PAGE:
23 CNN – Heroin Addiction Table of Contents Exit

24 Lawrence Kohlberg and Stages of Moral Development
Moral Development: When we acquire values, beliefs, and thinking abilities that guide responsible behavior Three Levels Preconventional: Moral thinking guided by consequences of actions (punishment, reward, exchange of favors) Conventional: Reasoning based on a desire to please others or to follow accepted rules and values Postconventional: Follows self-accepted moral principles Stage theorist, like Freud and Erikson Table of Contents Exit

25 Developmental Challenges for North American Adults (Gould)
Escape From Dominance (Ages 16-18) Leaving the Family (Ages 18-22) Building a Workable Life (Ages 22-28) Crisis of Questions (Ages 29-34) Table of Contents Exit

26 Developmental Challenges for North American Adults (Gould) (cont.)
Crisis of Urgency (Ages 35-43) Attaining Stability (Ages 43-50) Mellowing (Ages 50 and up) Table of Contents Exit

27 Middle Age Issues: Mid-Life Crises?
Menopause: Menstruation ends and a woman is no longer able to bear children. Estrogen levels also drop, sometimes causing mood or appearance changes. Hot flashes: Sudden uncomfortable sensation of heat; symptom of menopause in some women Climacteric: When men experience a significant change in vigor or appearance; may be psychological in origin Andropause: Reduced testosterone levels; can lead to decreased sex drive, fatigue, and obesity Empty Nest Syndrome: A woman may become depressed after her last child leaves home Table of Contents Exit

28 Fig. 4. 8 At what point during life are people most productive
Fig. 4.8 At what point during life are people most productive? On average, when do people make their greatest contributions to fields such as science, literature, philosophy, music, and the visual arts? No matter how achievement is tallied, productivity tends to rise rapidly to a single peak that is followed by a slow decline. The graph you see here is typical of contributions to the field of psychology. Fields such as poetry, pure math, and theoretical physics have earlier peaks, around the early 30s or even the late 20s. Other fields, such as novel writing, history, philosophy, medicine, and scholarship are marked by peaks in the late 40s, 50s, or even 60s. (After Simonton, 1988.) Table of Contents Exit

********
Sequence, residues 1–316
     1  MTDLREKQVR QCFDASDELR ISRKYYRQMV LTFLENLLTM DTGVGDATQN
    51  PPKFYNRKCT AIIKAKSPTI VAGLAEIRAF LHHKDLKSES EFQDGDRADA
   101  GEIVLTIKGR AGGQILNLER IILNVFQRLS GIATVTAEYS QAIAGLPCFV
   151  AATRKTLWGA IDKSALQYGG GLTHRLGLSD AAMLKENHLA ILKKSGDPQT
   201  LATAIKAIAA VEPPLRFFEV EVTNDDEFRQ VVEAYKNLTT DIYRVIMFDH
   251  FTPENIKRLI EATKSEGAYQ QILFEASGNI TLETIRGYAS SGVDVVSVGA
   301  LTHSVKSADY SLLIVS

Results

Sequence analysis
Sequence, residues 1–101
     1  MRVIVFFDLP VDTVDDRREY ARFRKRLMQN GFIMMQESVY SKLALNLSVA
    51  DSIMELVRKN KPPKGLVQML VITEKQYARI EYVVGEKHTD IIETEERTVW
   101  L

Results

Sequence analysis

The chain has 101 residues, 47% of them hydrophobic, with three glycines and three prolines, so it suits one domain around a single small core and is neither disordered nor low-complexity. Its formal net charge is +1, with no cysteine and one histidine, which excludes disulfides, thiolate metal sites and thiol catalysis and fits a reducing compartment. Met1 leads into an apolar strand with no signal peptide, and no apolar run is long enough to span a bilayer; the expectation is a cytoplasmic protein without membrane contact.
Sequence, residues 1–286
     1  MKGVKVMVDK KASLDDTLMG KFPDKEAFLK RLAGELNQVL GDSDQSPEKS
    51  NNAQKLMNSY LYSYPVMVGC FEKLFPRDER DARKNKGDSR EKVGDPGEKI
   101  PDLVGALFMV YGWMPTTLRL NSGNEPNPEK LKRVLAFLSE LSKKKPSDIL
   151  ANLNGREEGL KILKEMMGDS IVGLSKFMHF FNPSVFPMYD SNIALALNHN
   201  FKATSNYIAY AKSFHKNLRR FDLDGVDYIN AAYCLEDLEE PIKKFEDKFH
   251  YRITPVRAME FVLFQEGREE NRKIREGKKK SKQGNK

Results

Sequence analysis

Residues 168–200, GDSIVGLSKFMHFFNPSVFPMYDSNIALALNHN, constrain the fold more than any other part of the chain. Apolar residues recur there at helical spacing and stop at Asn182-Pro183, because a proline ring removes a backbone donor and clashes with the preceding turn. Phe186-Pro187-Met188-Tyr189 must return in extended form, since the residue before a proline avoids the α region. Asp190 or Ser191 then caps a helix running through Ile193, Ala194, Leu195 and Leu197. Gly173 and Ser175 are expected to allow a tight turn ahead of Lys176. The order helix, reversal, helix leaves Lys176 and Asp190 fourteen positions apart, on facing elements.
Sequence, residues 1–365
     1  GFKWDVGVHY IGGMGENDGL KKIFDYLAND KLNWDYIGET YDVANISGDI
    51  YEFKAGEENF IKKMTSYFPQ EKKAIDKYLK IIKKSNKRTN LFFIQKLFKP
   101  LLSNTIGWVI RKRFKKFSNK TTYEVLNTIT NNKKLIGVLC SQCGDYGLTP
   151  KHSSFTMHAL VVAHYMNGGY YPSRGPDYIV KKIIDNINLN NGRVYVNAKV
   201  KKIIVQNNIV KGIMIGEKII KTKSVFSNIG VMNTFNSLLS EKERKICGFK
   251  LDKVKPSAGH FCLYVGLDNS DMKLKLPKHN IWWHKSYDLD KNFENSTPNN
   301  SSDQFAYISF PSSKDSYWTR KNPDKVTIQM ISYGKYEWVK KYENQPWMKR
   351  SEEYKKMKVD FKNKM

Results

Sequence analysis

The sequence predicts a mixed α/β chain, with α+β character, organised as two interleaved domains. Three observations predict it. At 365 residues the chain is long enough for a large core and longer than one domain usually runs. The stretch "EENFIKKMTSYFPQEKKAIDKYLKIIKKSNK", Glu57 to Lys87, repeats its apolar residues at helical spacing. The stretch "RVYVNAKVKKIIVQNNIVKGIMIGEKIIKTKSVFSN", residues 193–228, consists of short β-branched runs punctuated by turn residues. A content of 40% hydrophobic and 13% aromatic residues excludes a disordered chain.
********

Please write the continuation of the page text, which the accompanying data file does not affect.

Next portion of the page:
29 Gerontology and the Study of Aging
Gerontologists study aging and its effects Intellectual Abilities: Fluid Abilities: Abilities requiring speed or rapid learning; based on perceptual and motor abilities; may decrease with age Crystallized Abilities: Learned (accumulated) knowledge and skills; vocabulary and basic facts Table of Contents Exit

30 Gerontology and the Study of Aging (cont.)
Disengagement Theory: Assumes that it is normal and desirable for people to withdraw from society as they age Activity Theory: People who remain active physically, mentally, and socially will adjust better to aging Ageism: Discrimination or prejudice based on age Table of Contents Exit

31 Fig. 4.6 Longer life expectancy will produce an unprecedented increase in the percentage of the population over age 65. The “boom” is expected to start at the turn of the century and peak by about 2030 to 2050 (Taebuer, 1993). Table of Contents Exit

32 Fig. 4.7 Physical aging, which is biologically programmed, progresses steadily from early adulthood onward. Regular exercise, good health practices, and a positive attitude can help minimize the impact of physical aging. Table of Contents Exit